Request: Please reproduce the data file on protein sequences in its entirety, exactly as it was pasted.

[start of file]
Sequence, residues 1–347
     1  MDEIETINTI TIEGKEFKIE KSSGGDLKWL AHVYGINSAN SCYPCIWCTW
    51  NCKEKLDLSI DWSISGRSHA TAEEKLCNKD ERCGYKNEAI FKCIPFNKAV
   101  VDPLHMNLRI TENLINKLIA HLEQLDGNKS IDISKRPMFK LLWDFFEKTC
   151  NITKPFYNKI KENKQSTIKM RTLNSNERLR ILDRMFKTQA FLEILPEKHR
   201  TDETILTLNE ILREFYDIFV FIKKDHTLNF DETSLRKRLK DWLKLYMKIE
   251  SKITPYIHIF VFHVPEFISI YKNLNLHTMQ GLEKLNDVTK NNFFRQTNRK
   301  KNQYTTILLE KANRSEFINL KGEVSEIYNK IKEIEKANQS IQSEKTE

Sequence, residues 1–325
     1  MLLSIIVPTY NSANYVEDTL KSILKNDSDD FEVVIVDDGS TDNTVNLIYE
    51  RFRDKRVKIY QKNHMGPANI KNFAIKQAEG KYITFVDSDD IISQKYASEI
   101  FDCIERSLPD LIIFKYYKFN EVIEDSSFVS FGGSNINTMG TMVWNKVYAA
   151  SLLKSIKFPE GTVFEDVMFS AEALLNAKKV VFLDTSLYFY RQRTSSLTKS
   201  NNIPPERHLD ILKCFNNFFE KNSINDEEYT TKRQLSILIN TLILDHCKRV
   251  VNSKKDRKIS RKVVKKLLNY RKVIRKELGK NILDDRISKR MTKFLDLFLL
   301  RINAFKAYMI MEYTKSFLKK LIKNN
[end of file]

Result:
Sequence, residues 1–347
     1  MDEIETINTI TIEGKEFKIE KSSGGDLKWL AHVYGINSAN SCYPCIWCTW
    51  NCKEKLDLSI DWSISGRSHA TAEEKLCNKD ERCGYKNEAI FKCIPFNKAV
   101  VDPLHMNLRI TENLINKLIA HLEQLDGNKS IDISKRPMFK LLWDFFEKTC
   151  NITKPFYNKI KENKQSTIKM RTLNSNERLR ILDRMFKTQA FLEILPEKHR
   201  TDETILTLNE ILREFYDIFV FIKKDHTLNF DETSLRKRLK DWLKLYMKIE
   251  SKITPYIHIF VFHVPEFISI YKNLNLHTMQ GLEKLNDVTK NNFFRQTNRK
   301  KNQYTTILLE KANRSEFINL KGEVSEIYNK IKEIEKANQS IQSEKTE

Sequence, residues 1–325
     1  MLLSIIVPTY NSANYVEDTL KSILKNDSDD FEVVIVDDGS TDNTVNLIYE
    51  RFRDKRVKIY QKNHMGPANI KNFAIKQAEG KYITFVDSDD IISQKYASEI
   101  FDCIERSLPD LIIFKYYKFN EVIEDSSFVS FGGSNINTMG TMVWNKVYAA
   151  SLLKSIKFPE GTVFEDVMFS AEALLNAKKV VFLDTSLYFY RQRTSSLTKS
   201  NNIPPERHLD ILKCFNNFFE KNSINDEEYT TKRQLSILIN TLILDHCKRV
   251  VNSKKDRKIS RKVVKKLLNY RKVIRKELGK NILDDRISKR MTKFLDLFLL
   301  RINAFKAYMI MEYTKSFLKK LIKNN